Throw in Margaret Meinzer's adjacent expo of pop-expressionist dreamscapes like A Small Boat at Sea, above, and it's a weirdly wonderful show in the grand St. Claude tradition of ad hoc epiphanies by artists with eternally youthful attitudes--a sensibility that resonates neatly with French digital artist Nicolas Sassoon's Green Waves, a vast surround-sound and light environment of choreographed pixels in motion at the May Gallery in Bywater, and Irish artist Jane Cassidy's electronic music-video composition at Parse (see upper left sidebar). Both of these sublimely ethereal shows at two of the newer art spaces in town extend a long local tradition of experimental art in unlikely places. ~D. Eric Bookhardt
LaPopSexTVArtShow: Group Exhibition Curated by Beau Tardy and Michael Fedor, through June 1, Barrister's Gallery, 2331 St. Claude Ave, 710-4506
Two very emblematic photographs from His Holiness the Dalai Lama's spectacular visit to New Orleans this weekend. Top, presenting ceremonial kata to Mayor Mitch Landrieu after Landrieu presented him with the Key to the City, accompanied by an introductory speech emphasizing the commonalities between the teachings of Saint Francis and the the teachings of the Buddha. Below, at the Tulane commencement ceremonies receiving an honorary doctorate with iconic Nola music legends Dr. John and Allen Toussaint, who of course performed, to HHDL's apparent delight. Below, HHDL gets his groove on at Tulane grad ceremonies in the Superdome.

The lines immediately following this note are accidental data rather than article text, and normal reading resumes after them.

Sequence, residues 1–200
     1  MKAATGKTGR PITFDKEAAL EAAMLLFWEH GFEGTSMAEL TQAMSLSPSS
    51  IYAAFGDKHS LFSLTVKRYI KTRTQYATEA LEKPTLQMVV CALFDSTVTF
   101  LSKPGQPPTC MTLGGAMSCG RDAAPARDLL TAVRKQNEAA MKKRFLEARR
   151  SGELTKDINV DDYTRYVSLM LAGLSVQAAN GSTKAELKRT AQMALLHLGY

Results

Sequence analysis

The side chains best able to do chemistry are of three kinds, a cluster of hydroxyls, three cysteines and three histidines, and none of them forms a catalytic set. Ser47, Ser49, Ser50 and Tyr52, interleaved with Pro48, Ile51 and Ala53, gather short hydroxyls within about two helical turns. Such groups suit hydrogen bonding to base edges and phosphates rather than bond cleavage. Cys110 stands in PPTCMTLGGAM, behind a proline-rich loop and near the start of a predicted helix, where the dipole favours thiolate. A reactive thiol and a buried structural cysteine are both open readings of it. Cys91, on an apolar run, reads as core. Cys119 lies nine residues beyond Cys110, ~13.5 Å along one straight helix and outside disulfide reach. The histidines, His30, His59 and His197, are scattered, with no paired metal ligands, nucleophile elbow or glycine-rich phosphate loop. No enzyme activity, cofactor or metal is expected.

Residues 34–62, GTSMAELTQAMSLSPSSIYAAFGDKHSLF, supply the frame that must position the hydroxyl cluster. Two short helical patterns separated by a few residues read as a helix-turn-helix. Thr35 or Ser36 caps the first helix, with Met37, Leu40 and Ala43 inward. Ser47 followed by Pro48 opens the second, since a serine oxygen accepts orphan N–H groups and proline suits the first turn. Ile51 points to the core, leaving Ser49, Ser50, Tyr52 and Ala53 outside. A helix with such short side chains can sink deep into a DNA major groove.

More photos of the Dalai Lama's amazing visit can be viewed at Charlie Varley's Varleypix site.